I was tasked with designing an EMR platform for physical therapy clinics, who often have to settle for applications intended for doctors' offices and hospitals. The scope of the project included general business concerns (scheduling appointments, tracking referral sources, billing insurance companies, etc.), as well as, niche requirements specific to physical therapy (injury evaluations, therapy progress, information organized by case, and more). At the time, the client was using an unsupported and aging tool, along with paper forms and various other scanned documents, to capture and track their data.
Role: UX/UI Designer
I started to discover the complexity of this project by conducting on-site interviews with the various user-groups: physical therapists, receptionists, and billing specialists. I observed how they used the current software. Both when they had "downtime" and while they interacted with patients. The latter added extra challenges since these offices accepted walk-ins along with scheduled patients. I quickly understood the need to save their work at any point in time due to a sudden influx of patients.
Those conversations offered insight into the tasks they performed, their current pain points, and how those tasks were connected in the larger case process and allowed me to define the screens and features needed to process a patient's case from intake to billing.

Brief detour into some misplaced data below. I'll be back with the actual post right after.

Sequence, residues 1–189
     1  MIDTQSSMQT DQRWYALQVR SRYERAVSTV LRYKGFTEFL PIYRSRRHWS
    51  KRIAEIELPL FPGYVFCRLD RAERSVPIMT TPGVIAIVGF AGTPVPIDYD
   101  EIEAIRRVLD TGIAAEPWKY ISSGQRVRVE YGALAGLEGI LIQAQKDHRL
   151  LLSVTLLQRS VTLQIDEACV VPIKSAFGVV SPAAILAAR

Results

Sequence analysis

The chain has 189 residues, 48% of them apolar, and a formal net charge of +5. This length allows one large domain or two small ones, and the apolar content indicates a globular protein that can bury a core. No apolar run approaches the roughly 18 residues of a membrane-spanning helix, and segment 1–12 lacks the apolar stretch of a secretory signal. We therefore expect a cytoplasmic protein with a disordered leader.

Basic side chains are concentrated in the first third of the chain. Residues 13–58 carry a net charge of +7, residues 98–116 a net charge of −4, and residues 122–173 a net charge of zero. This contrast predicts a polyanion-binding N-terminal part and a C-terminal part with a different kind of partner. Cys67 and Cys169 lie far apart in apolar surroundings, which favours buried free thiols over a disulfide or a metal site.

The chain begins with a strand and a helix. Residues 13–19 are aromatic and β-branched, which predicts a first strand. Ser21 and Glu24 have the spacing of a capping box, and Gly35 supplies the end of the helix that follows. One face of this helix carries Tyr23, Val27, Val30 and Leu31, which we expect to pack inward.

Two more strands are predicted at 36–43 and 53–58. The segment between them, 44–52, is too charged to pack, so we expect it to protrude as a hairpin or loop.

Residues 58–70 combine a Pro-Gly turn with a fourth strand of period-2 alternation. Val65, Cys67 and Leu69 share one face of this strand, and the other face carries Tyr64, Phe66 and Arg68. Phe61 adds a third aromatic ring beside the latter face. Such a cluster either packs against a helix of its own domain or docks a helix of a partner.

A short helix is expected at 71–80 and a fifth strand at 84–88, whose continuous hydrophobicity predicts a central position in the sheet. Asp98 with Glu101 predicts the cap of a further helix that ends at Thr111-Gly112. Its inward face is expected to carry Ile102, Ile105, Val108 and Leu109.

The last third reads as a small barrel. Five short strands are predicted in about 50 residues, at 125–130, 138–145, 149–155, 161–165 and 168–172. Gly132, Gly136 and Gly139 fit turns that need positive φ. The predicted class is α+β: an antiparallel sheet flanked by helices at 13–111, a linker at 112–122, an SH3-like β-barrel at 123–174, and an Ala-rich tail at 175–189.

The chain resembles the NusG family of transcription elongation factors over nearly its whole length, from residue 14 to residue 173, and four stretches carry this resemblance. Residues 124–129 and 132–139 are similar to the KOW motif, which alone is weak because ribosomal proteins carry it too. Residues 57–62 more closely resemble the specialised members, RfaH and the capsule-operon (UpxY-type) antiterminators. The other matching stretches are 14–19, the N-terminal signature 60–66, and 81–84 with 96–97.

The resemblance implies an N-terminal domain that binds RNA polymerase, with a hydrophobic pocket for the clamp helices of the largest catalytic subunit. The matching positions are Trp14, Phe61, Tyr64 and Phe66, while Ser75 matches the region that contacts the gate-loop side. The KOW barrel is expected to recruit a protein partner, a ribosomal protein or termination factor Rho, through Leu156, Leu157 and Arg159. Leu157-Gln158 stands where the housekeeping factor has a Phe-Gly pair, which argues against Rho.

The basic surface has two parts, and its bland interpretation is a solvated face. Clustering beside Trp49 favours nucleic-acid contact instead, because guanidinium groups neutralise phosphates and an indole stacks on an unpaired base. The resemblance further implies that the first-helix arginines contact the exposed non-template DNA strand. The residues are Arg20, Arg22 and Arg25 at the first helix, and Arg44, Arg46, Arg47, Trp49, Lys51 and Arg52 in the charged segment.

After defining the functionality needed to create the solution our users needed, I got down to brainstorming the design. I started with simple wireframes for some basic problem discovery to pinpoint issues early in the process. When I felt confident I'd addressed all of the users' needs, I built an interactive prototype that I took on-site. Each usability test allowed me to further iterate on the design until I found the right solution.
Our users needed a central hub to view and edit their patients' information. The UI had to make finding and accessing the assortment of data for each case easy while requiring as few "clicks" and scrolling as possible.
The physical therapists wanted a workflow that more closely followed their evaluation process to make recording the injury information and designing a treatment plan more intuitive and less time-consuming.
The billing specialists needed to be able to see all of the financial transactions associated with a patient and discern what charges and/or payments are associated with each visit to facilitate the claim process.
Business processes combining analog and digital technologies present an added challenge for designers. But by interviewing and observing users to fully understand the work they do goes along way toward unraveling what can be a rather twisted knot. Also, encouraging users early in the process to express their thoughts and concerns helps encourage them to find their voice, freeing them to challenge your ideas, which leads to a better overall product.